2022 Predictions: What’s Next?
By Matt Pullen, EVP, Managing Director Europe, CyrusOne
We’ve gone full steam ahead into a brand new year and it’s fair to say a lot still remains unknown about the months ahead. From the pandemic and supply chain issues to an ever-increasing focus on sustainability and plugging the skills gap, there are myriad issues that are continuing to impact data center operations and development both in the UK, Europe and further afield.
Firstly, continued cloud momentum will drive data growth in new markets. Cloud adoption is still relatively low throughout Europe; however, we will see continued momentum in 2022. This momentum will be spread across the entire region, as opposed to concentrated in specific markets. This will be supported by continued development of network infrastructure across Europe including the Nordics, East and Southern Europe. Lower latency across the region will mean that hyperscalers in particular will have some choice in where they concentrate their activities.
Next, sustainability will remain front and center this year and it’s likely we will see sustainability focused regulation and legislation introduced over the coming years that will impact our industry. While this sector in Europe has already come together to commit to eliminate the environmental footprint of data centers by 2030 through the Climate Neutral Data Center Pact, we anticipate additional measures stemming in part due to commitments agreed to by governments during COP26.
We’ll see an acceleration of ESG across all infrastructure providers – if you consume power in any form you’ll have to have an articulated strategy for ESG and evidence of tangible strides towards net zero. It’s more than just buying RECs, we need to make sure the power itself is green and sustainable.
Supply chain issues will also continue to have an effect, having represented one of the biggest challenges over the past 12 months. Many customers across the sector have continued to expect the same timing and pricing agreed at the outset of pre-letting agreement, despite rising costs on equipment, land and materials, which has led to frustration on both sides, meaning the need for collaboration and compromise will continue to be critical.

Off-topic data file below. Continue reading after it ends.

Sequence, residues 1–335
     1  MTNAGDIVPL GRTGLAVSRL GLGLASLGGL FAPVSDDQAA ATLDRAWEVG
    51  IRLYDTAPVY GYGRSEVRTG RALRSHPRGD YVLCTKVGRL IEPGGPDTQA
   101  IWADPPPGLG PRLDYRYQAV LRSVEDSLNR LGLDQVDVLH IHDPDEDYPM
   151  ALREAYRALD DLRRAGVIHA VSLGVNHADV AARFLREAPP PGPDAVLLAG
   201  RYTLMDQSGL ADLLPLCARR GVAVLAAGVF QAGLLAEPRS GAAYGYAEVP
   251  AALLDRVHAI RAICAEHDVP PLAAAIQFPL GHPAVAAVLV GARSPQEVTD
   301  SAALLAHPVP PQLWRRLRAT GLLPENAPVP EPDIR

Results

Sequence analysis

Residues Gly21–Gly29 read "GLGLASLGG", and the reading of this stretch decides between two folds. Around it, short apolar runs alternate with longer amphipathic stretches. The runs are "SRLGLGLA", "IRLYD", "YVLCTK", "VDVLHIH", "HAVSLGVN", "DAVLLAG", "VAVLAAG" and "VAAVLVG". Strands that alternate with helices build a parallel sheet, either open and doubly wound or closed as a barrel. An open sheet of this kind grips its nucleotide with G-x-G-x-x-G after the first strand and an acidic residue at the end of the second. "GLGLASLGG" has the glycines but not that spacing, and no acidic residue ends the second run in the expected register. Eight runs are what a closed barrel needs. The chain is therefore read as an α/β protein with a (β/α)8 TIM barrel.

Scale and a collaborative approach to M&E typography will help to offset the rising cost of construction. The trend is definitely towards campus facilities in digital gateway markets offering a pathway to an excess of 40+ MW (IT) for individual customers.
Finally, as it relates to the talent pool crisis, I believe 2022 will be the year of consolidation of service providers. The lack of a talent pool will create a huge competitive scramble from tier-1 providers to grab the talent that they need, and they will do this by absorbing the smaller providers. Tracking what the competition is doing will have never been as important as it will be for the year ahead.
The continued growth in the market will increase the talent pool crisis. Industries which were suffering during the pandemic and providing data center industry recruitment opportunities are coming back to life. The DC industry will have to increase its focus on training, development and partnerships with academic institutions in order to prime localized talent pools.
From a recruitment point of view, I suspect that we will see the base value of the existing engineering pool increase, and the value will be inflated because there will be more work than people. I predict that this could lead to mobility and will put an increased focus on reward but also the broader value that organisations can offer their talent. The industry will need to take note as the pressure on engineering teams will increase as cloud companies look to maximize utilisation of contract capacity whilst the industry pushes to close the gap between demand and supply.
The road ahead is long, and in order to make this work, we need participation from not only industry key stakeholders but also from service operators and everyone else that the data center industry encompasses.